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Articles Posted in THEFT CRIMES

In a recent New York criminal case, the defendant successfully filed a motion to suppress physical evidence. The defendant was charged with robbery in the second degree, robbery in the third degree, grand larceny in the fourth degree (five counts), criminal possession of stolen property in the fourth degree (four counts), criminal possession of stolen property in the fifth degree (two counts), criminal mischief in the fourth degree, possession of burglar’s tools (three counts), obstructing governmental administration in the second degree, resisting arrest, unlawful fleeing a police officer in a motor vehicle in the third degree, reckless driving, failing to comply with a police officer’s direction, failing to stop at a steady red signal, driving a vehicle on the left side of no-passing markers, failing to signal, driving in excess of the maximum speed limit, and operating a motor vehicle without a license.

In the appeal, the defendant argued that was subjected to an unconstitutional search and seizure during the frisk performed by an officer, when the officer removed a wallet from the defendant’s pocket, and again when the contents of the wallet were searched. As a result, the defendant argues that the wallet and its contents should be suppressed at trial. The appeals court granted his motion, vacating 14 of his counts, and ordering a new trial on those counts.

Facts of the Case

According to the opinion, police officers arrived at the scene of a reported robbery after the defendant allegedly confronted the complainant, claiming to have a weapon, and took the complainant’s wallet. When the police arrived, the defendant allegedly fled on foot, before entering a car and was later apprehended by police officers. The defendant was handcuffed, and a wallet was removed from his pocket. A police officer examined the contents of the wallet and determined that it was the complainant’s wallet. The defendant’s car was identified by police because as he allegedly entered the car, an officer broke the back window of the car so as to make it easier to identify the vehicle, and subsequently reported the vehicle information over the radio. After the defendant was apprehended, he was frisked to ensure officer safety, and the wallet was recovered.

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Earlier this month, a federal court in New York issued an opinion in a burglary and larceny case, ruling on the defendant’s appeal of his motion to suppress. According to the defendant, the lower court had mistakenly denied his motion to suppress physical evidence as well as statements he made to police officers during an encounter in October 2018. The court ended up ruling in the State’s favor, deciding that the evidence should not have been suppressed and that the lower court was indeed correct in its ruling.

Facts of the Case

According to the opinion, early one morning in October 2018, an off-duty officer reported seeing a parked vehicle with one door open and no one in the general vicinity of the car. Two police officers drove to the scene and immediately saw three occupants inside the vehicle. Smelling burnt marijuana, the officers approached the car and asked the occupants what they were doing. The driver responded that they had been smoking marijuana, and the officers asked the occupants to exit the vehicle.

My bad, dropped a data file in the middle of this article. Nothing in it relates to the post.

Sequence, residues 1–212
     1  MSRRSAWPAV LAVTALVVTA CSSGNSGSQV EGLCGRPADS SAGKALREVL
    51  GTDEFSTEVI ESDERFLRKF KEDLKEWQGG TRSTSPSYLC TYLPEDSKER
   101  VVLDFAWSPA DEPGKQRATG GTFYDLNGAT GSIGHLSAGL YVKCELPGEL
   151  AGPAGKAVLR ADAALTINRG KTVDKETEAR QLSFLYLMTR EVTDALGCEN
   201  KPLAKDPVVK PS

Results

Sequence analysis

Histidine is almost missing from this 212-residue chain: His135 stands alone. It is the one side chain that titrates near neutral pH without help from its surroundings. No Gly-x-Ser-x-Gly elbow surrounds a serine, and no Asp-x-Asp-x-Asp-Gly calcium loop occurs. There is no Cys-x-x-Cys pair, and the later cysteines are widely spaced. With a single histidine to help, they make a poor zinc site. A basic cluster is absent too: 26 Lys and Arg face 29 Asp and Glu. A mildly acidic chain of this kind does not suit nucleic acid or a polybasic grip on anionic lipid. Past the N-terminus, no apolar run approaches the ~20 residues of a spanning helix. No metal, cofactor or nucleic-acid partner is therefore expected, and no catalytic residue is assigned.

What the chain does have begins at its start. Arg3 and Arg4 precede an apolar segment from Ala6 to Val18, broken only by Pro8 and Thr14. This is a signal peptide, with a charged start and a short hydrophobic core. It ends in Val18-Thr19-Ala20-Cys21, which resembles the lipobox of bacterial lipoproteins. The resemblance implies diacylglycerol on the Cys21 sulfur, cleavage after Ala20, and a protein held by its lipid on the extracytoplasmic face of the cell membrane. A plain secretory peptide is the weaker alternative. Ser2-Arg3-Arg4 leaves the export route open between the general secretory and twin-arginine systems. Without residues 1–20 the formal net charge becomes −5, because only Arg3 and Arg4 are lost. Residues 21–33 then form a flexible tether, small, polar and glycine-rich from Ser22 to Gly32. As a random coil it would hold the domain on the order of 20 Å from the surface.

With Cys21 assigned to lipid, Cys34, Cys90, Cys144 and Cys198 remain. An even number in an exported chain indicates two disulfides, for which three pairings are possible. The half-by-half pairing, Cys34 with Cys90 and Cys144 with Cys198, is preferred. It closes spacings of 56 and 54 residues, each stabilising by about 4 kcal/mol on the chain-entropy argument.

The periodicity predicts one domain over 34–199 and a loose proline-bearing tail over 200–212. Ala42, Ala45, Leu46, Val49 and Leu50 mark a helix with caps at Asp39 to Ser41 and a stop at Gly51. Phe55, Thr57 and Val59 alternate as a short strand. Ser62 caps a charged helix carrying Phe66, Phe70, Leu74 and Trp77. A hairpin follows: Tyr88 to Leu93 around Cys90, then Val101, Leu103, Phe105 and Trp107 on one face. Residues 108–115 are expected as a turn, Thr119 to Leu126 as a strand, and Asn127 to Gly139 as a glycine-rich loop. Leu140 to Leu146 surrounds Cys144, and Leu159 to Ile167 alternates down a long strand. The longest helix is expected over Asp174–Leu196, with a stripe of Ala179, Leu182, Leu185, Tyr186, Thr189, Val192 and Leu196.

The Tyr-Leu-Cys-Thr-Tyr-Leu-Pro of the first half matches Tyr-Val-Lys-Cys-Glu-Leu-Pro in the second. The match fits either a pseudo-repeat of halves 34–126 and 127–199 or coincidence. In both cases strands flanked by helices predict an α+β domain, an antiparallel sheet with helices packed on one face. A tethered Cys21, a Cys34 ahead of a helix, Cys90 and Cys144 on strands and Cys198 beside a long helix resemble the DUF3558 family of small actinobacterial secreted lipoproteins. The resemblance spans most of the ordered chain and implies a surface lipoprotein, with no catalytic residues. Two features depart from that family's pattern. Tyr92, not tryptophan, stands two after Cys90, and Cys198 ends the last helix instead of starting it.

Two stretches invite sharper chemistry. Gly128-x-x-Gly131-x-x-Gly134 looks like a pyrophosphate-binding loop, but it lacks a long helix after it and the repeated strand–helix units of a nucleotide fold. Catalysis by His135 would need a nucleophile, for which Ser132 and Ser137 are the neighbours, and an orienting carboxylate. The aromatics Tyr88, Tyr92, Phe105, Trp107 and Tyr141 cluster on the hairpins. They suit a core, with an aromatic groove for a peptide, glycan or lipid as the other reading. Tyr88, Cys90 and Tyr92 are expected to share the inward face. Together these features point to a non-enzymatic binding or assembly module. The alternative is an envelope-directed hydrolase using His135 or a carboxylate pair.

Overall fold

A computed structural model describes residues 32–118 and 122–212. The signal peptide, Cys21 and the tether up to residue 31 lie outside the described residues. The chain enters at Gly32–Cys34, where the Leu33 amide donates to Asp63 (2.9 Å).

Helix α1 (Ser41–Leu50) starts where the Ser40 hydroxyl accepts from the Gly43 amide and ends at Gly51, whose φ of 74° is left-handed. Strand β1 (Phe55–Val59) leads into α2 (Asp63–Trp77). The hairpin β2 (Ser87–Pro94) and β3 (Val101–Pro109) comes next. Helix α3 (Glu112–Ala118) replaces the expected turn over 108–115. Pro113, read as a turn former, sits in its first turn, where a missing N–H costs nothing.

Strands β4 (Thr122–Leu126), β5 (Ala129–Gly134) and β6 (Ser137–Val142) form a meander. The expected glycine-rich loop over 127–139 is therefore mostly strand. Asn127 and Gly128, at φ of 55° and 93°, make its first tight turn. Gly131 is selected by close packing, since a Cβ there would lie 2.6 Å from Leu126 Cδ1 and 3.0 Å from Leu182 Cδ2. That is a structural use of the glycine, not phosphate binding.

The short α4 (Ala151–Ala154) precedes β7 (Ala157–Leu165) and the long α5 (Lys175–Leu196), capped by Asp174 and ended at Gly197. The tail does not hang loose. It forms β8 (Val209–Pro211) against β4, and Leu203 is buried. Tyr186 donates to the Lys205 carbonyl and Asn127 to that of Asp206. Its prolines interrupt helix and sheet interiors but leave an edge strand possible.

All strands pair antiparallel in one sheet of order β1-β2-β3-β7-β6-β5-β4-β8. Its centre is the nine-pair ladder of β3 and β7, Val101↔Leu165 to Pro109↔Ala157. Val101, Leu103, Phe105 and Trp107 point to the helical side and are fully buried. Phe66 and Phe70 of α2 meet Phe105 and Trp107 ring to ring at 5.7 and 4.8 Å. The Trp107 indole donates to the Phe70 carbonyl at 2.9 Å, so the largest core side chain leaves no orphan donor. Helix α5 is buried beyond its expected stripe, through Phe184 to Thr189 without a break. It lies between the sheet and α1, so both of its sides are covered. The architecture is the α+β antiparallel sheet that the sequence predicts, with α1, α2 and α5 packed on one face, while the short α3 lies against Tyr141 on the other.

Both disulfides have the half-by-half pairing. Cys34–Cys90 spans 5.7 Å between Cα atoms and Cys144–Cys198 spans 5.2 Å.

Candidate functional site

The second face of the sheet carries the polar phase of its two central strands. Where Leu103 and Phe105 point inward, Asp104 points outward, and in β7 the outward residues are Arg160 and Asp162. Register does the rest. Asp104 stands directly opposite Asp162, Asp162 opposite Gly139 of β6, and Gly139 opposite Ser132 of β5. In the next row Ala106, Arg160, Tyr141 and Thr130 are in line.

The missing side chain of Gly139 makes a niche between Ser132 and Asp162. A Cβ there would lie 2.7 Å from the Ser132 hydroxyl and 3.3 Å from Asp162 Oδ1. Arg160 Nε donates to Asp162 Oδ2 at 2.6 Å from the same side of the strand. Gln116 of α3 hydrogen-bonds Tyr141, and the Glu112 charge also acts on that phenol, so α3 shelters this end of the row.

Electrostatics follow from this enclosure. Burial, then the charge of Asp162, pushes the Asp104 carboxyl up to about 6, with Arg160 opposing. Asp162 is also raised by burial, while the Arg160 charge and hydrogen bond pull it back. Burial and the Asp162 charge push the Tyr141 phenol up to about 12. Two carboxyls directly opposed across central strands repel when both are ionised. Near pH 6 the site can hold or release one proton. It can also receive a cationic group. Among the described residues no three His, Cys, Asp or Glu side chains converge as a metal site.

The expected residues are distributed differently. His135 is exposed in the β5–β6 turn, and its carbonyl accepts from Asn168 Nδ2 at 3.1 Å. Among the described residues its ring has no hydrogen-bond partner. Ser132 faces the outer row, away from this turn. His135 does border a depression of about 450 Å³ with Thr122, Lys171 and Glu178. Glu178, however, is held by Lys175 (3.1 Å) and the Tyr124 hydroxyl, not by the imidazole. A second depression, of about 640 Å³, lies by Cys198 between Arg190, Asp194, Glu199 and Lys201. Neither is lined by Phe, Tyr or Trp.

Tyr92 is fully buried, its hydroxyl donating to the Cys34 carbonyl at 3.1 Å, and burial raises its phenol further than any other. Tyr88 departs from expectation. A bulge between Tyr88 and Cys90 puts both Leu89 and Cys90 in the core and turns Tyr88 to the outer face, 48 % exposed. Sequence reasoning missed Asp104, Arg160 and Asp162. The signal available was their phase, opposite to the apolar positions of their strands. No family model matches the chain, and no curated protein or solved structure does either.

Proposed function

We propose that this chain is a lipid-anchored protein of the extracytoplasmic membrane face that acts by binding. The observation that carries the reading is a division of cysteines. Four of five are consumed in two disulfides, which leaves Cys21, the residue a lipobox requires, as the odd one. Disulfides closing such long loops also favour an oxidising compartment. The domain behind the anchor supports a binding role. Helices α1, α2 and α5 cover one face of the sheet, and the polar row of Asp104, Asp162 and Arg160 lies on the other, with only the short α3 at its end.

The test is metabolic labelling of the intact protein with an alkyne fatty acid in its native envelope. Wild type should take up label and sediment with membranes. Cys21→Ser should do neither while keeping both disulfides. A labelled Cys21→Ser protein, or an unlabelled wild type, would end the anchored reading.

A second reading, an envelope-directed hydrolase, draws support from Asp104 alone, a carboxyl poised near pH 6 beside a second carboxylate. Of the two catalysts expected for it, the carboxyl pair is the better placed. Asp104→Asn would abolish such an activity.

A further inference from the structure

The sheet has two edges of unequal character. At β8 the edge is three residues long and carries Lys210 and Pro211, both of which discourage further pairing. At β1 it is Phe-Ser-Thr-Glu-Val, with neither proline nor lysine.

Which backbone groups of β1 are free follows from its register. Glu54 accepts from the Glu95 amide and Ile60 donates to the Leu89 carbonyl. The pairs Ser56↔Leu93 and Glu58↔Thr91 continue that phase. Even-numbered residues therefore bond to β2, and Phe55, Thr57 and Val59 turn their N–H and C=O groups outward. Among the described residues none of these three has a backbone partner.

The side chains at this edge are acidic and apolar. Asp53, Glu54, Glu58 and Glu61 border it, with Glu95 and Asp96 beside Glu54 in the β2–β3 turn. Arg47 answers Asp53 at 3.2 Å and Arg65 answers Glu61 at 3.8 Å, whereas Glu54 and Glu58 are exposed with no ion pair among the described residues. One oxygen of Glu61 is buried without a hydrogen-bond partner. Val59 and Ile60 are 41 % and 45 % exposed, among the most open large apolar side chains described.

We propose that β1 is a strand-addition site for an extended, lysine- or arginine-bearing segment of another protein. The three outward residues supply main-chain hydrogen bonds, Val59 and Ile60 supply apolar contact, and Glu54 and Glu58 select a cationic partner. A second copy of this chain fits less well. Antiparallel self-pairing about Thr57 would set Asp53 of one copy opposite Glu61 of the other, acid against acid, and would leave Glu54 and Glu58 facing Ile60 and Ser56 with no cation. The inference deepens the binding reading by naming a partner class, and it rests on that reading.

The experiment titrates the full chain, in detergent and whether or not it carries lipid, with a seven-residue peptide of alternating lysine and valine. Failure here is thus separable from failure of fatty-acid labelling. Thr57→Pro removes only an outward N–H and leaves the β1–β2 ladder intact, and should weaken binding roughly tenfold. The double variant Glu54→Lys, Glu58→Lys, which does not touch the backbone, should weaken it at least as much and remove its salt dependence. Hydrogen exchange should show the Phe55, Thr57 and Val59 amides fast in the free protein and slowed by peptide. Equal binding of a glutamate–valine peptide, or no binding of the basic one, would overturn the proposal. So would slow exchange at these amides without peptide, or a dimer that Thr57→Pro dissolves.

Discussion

In a recent opinion from a New York court, the defendant’s appeal of his forgery conviction was denied. Originally, the defendant was convicted of criminal possession of a forged instrument due to his attempts at using a fake gift card to purchase items at a department store. He was also convicted of petit larceny, and he appealed both convictions. The higher court considered the defendant’s argument but ultimately affirmed the defendant’s original guilty verdict.

Facts of the Case

According to the opinion, the defendant in this case was a New York resident who went shopping at a Century 21 department store. While there, the defendant used a forged gift card to try and make purchases. Apparently, the gift card had been manufactured so that a third party would be billed for the transaction, allowing the defendant to buy items without having to pay any money. When the defendant was caught using the forged card, he told the department store’s security guards that he purchased the card from a stranger for $20, even though he had been attempting to purchase $70 worth of clothing at the time.

The Decision

On appeal, the defendant argued that incriminating evidence of his attempted theft should have been suppressed at trial. The defendant focused on the fact that the evidence used at trial came from the store’s security guards, who were subject to the same rules as state actors, such as police officers or government employees.  The Constitution protects an individual from infringement of certain rights from the Government not from private individuals or companies.  Therefore, one may only have evidence suppressed if it is illegally seized by government actors and not private actors.  Because the store’s guards were considered state actors for the purposes of this case, said the defendant, they were supposed to carefully ensure that they were not intruding on the defendant’s constitutional rights. These rights include the right to privacy as well as the right to not be searched without probable cause.